Micro enterprise financing, or the provision of access to micro entrepreneurs of small-scale loans and other financing-related services has been widely credited as a sustainable tool for reducing poverty. The microfinance movement, which the Grameen Bank started and pioneered in Bangladesh during the 1980s, has been replicated in other parts of the world, including the Philippines.
However, while many studies indicate that the impact of micro enterprise financing has been positive as it allowed poor households access to financial services, there may still be not enough concrete evidence to prove the movement or graduation of the poor households out of poverty even after several loan cycles.
Brief History of Philippine Micro Enterprise Development
The Philippine government’s efforts to develop albeit the small industry sector including micro enterprises started to intensify in the 1960s with the creation of the Institute for Small Scale Industries within the University of the Philippines (UP-ISSI) in 1966. It was also during the same period when rural banks and cooperatives started the concept and practice of servicing small loans. However, this was not sustained due to low repayment rates and initial structural problems faced by the new concept of credit provision.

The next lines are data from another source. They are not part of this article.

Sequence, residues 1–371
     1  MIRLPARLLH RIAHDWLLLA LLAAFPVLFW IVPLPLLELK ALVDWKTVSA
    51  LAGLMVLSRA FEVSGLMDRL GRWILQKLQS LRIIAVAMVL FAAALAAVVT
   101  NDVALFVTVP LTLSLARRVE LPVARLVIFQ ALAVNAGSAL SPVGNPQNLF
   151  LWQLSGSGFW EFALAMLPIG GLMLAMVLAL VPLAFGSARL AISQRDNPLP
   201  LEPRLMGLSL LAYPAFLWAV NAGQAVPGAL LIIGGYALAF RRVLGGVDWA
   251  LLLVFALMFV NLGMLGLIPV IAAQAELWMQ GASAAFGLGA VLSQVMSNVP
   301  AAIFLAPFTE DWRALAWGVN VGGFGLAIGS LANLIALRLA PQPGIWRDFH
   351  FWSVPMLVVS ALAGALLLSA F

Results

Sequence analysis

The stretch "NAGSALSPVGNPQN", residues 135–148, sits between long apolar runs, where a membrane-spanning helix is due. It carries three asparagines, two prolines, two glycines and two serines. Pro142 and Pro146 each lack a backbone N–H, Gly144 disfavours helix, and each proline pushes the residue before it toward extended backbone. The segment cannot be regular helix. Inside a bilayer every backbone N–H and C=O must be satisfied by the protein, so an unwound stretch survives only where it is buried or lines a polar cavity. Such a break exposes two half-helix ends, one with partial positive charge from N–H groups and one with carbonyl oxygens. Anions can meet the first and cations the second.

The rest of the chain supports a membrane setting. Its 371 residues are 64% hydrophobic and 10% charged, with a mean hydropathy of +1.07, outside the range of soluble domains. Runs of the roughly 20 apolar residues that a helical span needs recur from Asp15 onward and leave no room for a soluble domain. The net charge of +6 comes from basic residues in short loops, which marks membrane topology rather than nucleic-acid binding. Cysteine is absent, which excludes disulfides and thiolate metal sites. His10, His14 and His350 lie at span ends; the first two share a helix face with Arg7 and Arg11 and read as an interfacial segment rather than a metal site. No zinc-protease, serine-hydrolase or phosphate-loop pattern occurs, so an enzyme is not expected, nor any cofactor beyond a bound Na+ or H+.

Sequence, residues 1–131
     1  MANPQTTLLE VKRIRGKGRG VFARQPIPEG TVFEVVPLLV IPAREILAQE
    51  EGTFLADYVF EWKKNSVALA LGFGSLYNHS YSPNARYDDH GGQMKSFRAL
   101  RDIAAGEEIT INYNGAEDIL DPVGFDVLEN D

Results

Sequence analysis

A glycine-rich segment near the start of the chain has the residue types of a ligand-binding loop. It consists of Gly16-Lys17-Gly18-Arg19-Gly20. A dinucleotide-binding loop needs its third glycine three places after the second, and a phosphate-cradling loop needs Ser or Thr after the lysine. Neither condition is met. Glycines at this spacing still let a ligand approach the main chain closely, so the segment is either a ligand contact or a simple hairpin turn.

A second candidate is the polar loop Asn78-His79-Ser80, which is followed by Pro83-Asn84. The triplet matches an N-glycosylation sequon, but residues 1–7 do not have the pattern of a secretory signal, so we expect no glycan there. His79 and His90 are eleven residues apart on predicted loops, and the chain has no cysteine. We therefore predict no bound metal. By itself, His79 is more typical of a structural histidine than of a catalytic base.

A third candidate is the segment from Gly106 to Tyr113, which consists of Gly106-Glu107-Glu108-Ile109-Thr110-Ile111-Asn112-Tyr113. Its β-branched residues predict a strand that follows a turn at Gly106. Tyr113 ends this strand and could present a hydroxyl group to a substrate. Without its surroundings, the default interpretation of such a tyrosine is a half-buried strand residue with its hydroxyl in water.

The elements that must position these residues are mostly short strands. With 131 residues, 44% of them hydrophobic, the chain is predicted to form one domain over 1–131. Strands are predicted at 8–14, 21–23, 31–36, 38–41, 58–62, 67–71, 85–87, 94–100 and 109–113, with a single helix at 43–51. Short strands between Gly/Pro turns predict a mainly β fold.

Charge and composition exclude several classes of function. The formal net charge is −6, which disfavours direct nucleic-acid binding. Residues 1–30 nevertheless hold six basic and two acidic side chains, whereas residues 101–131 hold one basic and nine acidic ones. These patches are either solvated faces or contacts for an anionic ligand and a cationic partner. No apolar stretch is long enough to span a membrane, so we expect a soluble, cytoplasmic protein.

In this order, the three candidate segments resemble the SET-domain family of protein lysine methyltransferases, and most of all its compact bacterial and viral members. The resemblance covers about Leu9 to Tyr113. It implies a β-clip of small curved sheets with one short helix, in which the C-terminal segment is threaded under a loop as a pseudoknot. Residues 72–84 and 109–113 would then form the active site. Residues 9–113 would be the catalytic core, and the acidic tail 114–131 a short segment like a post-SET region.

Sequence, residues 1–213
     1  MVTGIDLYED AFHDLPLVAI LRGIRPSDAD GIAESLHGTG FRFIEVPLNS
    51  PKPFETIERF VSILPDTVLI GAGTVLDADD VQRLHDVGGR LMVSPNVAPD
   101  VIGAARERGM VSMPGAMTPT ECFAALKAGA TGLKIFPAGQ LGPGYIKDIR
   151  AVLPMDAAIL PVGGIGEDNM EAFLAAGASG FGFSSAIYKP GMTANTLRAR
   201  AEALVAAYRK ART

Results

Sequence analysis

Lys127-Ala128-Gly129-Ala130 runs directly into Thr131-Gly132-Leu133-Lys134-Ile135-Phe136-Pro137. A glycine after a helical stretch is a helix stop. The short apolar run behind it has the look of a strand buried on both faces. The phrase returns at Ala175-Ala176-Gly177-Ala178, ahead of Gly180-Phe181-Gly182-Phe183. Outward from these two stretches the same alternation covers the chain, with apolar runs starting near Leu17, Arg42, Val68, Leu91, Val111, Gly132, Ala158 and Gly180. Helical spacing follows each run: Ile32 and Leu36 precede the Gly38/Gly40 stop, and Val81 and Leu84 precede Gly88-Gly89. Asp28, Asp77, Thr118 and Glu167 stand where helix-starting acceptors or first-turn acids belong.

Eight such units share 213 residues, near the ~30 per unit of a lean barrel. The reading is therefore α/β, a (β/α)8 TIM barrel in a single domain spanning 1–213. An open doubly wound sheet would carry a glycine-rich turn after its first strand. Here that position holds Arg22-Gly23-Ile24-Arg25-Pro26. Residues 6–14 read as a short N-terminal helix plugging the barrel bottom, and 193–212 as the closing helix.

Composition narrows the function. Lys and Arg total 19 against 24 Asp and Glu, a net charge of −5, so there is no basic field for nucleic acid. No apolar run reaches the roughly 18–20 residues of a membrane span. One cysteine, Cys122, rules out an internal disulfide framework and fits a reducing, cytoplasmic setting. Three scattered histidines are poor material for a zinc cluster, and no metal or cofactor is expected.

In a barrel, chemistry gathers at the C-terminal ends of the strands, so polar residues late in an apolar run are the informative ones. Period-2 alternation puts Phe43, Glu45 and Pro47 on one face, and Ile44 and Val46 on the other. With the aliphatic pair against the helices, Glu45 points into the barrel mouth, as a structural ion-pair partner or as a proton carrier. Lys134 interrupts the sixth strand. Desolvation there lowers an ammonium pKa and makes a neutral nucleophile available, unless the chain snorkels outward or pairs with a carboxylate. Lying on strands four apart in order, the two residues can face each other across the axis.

During the 1970s until early the 1980s, the government launched various directed credit programs (DCPs) which it hoped will bring down the cost of credit and help reduce poverty. However, similar to the earlier initiatives by the rural banks and cooperatives, the DCPs also failed due to, among others, corruption, repayment problems, huge fiscal costs to the government and inability to reach the targeted clientele/beneficiaries.
During the late 1980s, non-government organizations (NGOs) became an active government partner in the provision of small,...